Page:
194 CMAAO CORONA FACTS and MYTH COVID : “Post-Covid 19 inflammation”
Dr K Aggarwal
With input from Dr Monica Vasudev
1066: Round Table Expert Zoom Meeting on “Post-Covid 19 inflammation”
22nd August, 2020
Dr KK Aggarwal
Dr AK Agarwal
Dr Ashok Gupta
Dr JA Jayalal
Dr Atul Pandya
Dr Jayakrishnan Alapet
Dr Shantanu Tripathi
Prof Bejon Misra
Dr (Major) Prachi Garg
Ms Ira Gupta
Dr S Sharma
Key points from the discussion
- Delhi has seroprevalence of 28%, but asymptomatic persons with no increase in CRP/ESR do not develop antibodies. We have been able to tackle the disease in Delhi, Mumbai and Pune.
- In countries where 6 feet (2 m) social distancing is not possible, reduce the distance to 3 feet (1 m).
- The need of the hour is one vaccine, one movement. Polio has been almost eradicated because of global effort for one polio vaccine, but this is not the case with Covid-19.
- The government may revise its testing strategy to testing on demand.
- We should come out with a consensus statement regarding international travel stating under what conditions the 7-day quarantine could be exempted.
- Covid-19 disease has two phases: Viral phase and post-viral phase.
- Viral phase can be divided into aggressive phase and non-aggressive phase. About 33% of patients in non-aggressive phase go into post-viral phase manifested as persistence of gene target positive for 120 days, fever, recurrent diarrhea, episodes of costochondritis, abdominal pain/nausea/vomiting, calf pain, rash, cystitis, lower abdominal pain, loss of smell/taste etc.
- Pyrexia vs thermia: pyrexia is because of the organism (first 9 days); thermia is not due to the virus (after 9 days), it is caused by thermodysregulation in the hypothalamus. The fever is low grade, appears after exertion, all inflammatory marker are normal.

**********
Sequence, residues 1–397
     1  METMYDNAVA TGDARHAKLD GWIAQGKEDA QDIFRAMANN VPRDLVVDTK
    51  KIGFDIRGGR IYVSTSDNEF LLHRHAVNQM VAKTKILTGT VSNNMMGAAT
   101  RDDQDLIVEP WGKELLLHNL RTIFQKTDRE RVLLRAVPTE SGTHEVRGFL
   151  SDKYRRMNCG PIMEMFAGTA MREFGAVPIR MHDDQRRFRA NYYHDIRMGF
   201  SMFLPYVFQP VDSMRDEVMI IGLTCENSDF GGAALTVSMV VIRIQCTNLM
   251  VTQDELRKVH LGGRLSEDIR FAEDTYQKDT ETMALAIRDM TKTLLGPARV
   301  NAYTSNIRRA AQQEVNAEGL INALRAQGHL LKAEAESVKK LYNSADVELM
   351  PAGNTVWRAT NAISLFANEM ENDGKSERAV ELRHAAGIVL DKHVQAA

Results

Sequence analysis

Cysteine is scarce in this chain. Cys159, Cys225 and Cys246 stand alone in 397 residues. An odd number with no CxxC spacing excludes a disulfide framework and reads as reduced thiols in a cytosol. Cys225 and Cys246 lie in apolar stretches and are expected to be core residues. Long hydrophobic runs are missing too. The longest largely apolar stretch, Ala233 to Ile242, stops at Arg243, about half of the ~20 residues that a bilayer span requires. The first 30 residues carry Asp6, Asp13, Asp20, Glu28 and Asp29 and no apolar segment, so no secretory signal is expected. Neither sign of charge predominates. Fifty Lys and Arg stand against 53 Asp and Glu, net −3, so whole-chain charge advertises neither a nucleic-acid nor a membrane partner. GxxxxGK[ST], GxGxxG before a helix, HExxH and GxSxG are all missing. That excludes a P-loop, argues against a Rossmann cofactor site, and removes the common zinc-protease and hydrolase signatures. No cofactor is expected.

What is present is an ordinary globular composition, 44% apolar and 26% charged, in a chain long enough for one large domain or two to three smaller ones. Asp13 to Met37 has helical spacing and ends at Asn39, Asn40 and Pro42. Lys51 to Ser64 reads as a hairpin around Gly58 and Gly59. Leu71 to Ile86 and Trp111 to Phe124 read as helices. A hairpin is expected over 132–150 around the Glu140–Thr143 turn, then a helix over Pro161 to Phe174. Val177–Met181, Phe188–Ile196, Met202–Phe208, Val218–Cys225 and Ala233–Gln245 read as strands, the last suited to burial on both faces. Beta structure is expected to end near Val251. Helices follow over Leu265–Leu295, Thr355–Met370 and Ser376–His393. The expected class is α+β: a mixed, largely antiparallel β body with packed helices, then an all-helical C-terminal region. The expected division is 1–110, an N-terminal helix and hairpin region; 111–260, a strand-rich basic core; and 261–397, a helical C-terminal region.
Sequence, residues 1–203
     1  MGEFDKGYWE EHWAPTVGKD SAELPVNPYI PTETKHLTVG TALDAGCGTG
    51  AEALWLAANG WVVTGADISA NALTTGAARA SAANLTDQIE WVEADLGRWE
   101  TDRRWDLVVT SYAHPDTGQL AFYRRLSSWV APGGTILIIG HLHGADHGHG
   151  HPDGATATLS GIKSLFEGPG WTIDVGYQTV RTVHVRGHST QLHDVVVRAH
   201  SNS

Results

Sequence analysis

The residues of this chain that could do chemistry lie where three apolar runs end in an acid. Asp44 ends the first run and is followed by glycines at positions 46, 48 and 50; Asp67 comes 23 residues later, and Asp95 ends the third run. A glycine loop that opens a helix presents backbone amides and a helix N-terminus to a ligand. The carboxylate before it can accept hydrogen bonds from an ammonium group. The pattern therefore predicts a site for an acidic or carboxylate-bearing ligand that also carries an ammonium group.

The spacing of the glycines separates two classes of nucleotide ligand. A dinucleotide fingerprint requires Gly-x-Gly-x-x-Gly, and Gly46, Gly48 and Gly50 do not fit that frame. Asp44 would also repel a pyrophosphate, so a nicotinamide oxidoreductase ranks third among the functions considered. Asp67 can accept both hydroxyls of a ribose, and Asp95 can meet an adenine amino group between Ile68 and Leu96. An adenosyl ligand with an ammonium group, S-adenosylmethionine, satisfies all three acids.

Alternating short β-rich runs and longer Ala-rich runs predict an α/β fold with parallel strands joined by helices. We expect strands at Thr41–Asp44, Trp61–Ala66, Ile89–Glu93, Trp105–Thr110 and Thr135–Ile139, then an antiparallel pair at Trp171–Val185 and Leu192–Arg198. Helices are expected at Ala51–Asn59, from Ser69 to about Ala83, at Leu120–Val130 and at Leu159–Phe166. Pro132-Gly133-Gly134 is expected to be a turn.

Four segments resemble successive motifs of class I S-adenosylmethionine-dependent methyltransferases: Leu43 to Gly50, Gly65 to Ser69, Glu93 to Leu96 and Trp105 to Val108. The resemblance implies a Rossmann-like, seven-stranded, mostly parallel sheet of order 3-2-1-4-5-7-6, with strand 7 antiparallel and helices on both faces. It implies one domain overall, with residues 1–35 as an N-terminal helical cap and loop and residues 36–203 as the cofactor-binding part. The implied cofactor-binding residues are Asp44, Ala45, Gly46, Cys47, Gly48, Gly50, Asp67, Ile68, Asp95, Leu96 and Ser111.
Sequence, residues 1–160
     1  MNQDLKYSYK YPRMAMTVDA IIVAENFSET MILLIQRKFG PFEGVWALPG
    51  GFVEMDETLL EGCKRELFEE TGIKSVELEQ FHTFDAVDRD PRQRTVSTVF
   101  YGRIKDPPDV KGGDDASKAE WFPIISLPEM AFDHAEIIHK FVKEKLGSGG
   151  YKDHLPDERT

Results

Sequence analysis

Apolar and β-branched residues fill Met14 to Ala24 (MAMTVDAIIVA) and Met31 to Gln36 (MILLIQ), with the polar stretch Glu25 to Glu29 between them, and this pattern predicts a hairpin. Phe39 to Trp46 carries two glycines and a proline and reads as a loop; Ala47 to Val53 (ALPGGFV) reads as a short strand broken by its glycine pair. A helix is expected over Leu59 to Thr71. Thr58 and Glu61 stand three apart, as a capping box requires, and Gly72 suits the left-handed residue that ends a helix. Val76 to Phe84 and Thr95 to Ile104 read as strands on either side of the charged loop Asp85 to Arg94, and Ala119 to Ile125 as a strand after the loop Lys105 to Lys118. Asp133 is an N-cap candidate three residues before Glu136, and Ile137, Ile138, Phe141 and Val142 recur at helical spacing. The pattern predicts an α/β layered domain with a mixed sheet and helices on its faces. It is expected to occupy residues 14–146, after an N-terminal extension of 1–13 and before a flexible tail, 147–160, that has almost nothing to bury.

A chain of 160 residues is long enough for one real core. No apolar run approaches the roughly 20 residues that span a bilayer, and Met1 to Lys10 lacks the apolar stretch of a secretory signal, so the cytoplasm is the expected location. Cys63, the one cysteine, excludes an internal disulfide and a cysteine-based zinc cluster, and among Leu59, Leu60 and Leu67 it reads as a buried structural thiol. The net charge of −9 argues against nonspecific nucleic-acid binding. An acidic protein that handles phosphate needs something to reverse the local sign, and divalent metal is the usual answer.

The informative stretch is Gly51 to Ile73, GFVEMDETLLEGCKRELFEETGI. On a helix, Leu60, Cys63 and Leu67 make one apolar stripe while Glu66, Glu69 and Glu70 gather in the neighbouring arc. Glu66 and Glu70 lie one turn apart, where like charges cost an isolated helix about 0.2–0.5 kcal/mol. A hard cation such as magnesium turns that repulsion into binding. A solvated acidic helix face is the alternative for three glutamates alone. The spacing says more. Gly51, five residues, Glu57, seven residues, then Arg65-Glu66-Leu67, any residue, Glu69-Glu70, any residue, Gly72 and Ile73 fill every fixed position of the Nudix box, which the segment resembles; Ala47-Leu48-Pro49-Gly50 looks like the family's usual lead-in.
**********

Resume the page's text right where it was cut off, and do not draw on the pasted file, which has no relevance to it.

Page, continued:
- Phytoestrogens reduce IL-6; hence, soya, rich source of phytoestrogens can help.
- Some patients have post-Covid persistent inflammatory state – rising inflammatory markers or reducing but not rapidly.
- Do CRP as follow up test. If normal, then IL-6 is normal; if high, then IL-6 is high. This means that the person can still go into delayed cytokine storm.
- After 9 days, even if no fever but raised CRP/ESR with/without increased IL-6: Curcumin (TNF like activity), soya protein (reduces IL-6), NSAIDs (nimesulide, mefenamic acid, naproxen, indomethacin), hydroxychloroquine (discarded but remerging in post-covid illness).
- If the patient develops symptoms again e.g. diarrhea with raised ESR/CRP, is it re-infection? We do not know.
- If first diagnosed as post-Covid illness after having missed earlier diagnosis, the prognosis may be unfavorable.
- In high prevalence area, both antigen and antibody tests should be done together.
- According to the CDC, the virus particle may be detected in the body for up to 120 days. This is persistent inflammation or the persistent virus particle, which is causing the inflammation.
- Do baseline CBC with ESR, CRP, IL-6, LDH, ferritin, d-dimer. A rapid rise in any of these is important.
- If CT scan is positive on Day 3 (pneumonitis) with more than 2-fold rise in CRP/ESR or rapid rise (>2-fold) in IL-6, this is the time to give remdesivir. If available give it on Day 1, but definitely on Day 3 along with LMWH (to reduce thrombosis) and steroid (to reduce IL-6). Give heparin for 9 days, then shift to dabigatran/rivoraxaban x 40 days or even more, depending on the hypercoagulable state of the patient.
- Patients with GI symptoms (diarrhea) may have more severe disease and higher mortality.
- Off-label use is anecdotal evidence. Off-label use does not require trial; it is a shared decision made by the patient and all legal heirs and the doctor after informed consent. Consent may be routed through Ethics Committee if it is a hospital policy.
- If post-Covid patient needs oxygen, this means either resolving pneumonia or that the patient has developed lung fibrosis.